Were it not for the real tragedy and horror involved, this documentary could almost be filed under the bleakest and often hilarious kind of black comedy. Film-maker Luke Lorentzen follows the crew of one of Mexico City’s dozens of private ambulances, guys who zoom recklessly through the streets to the site of an emergency, either directly called via the private medical insurance firm with whom the unfortunate person is insured, or after they have checked the police scanner alerting them to a likely sounding disaster.
One such crew is the Ochoa family, dad Fer at the wheel, teenage son Juan in overall charge and his kid brother Josué, somewhat pointlessly along for the ride, confidently handling their dodgily maintained equipment. (Whether or not he should be in school is a moot point.)
Often, the guys will challenge a rival ambulance to a race to a possible job, almost screaming with excitement, with Juan shouting at cyclists and pedestrians to get out of their way through a loudhailer. And then ruthless Juan has to tell the sobbing victims and their friends how desperately serious it all is, how they need to take the patient to a certain superior private hospital (which might not be the closest) and how they should just “sign everything” when they arrive. Often, the people involved don’t, which means Juan has to beg for the “emergency ride” fee: 3,800 pesos (£160) and he has no legal means of enforcing that without a signature. Incredibly, when a grieving mother brings in her desperately injured daughter who dies en route, the Ochoas find themselves wheedling some money out of her.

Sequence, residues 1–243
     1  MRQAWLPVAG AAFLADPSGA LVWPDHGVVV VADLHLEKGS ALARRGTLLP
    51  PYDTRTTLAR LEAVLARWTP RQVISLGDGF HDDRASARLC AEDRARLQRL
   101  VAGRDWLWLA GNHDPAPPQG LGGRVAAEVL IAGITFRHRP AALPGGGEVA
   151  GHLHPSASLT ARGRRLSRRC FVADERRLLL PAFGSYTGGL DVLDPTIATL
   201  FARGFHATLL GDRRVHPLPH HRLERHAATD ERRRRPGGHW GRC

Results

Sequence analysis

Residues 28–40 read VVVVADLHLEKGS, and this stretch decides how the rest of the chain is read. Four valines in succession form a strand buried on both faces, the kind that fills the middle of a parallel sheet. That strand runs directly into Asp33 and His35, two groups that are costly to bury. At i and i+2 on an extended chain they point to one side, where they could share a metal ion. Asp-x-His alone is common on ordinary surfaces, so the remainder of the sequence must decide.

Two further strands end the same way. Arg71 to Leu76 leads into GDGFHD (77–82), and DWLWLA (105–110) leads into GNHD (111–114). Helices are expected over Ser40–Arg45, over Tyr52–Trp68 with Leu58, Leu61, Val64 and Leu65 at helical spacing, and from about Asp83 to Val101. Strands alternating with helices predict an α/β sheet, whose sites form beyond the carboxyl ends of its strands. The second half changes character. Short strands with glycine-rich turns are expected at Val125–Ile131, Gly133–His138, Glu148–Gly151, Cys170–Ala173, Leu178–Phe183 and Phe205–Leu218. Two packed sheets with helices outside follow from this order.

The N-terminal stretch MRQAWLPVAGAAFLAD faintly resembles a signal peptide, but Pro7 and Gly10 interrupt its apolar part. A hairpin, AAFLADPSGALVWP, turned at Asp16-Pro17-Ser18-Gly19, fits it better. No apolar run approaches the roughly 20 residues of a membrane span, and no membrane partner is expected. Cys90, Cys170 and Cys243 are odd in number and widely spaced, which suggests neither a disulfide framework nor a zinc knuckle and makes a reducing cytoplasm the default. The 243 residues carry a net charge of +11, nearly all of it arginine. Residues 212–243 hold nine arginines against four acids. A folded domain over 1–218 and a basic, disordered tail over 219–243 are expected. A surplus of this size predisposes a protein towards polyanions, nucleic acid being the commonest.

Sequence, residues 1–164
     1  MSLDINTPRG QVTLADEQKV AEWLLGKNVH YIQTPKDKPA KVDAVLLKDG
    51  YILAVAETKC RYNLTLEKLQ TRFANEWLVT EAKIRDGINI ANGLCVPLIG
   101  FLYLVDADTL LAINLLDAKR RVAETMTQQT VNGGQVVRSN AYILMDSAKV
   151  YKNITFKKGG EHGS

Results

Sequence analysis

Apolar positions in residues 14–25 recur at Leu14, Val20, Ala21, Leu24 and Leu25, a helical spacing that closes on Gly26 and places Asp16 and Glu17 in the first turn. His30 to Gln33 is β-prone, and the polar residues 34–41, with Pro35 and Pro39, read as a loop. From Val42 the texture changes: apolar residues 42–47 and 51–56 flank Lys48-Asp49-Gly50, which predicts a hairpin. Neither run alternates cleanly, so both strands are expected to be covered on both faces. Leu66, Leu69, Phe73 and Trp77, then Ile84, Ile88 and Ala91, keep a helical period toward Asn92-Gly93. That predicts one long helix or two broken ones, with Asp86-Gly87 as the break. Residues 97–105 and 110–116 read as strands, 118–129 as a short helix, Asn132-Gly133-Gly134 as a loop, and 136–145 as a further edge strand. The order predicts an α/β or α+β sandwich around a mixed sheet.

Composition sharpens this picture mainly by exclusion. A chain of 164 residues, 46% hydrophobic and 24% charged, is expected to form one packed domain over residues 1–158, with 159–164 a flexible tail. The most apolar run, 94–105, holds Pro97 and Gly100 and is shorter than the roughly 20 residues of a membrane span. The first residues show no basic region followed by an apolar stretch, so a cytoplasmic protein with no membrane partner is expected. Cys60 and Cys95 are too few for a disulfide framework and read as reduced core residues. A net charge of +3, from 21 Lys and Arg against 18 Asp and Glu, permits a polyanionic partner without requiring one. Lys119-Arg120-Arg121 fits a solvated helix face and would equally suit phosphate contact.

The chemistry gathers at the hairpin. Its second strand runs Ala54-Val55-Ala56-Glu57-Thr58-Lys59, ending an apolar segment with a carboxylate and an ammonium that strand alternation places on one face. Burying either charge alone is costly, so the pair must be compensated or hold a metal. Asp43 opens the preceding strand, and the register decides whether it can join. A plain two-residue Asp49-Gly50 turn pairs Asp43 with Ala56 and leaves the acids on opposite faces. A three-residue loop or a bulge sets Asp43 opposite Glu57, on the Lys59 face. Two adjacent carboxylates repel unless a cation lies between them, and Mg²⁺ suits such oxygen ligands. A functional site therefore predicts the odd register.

But somehow Lorentzen shows that it is not the Ochoa family who are the bad guys, but the whole rotten system; and the private-ambulance cowboys are themselves desperate for cash, having to spend a good deal on bribing the cops. This is what we could have to look forward to with a privatised NHS.
• Midnight Family is released in the UK on 21 February.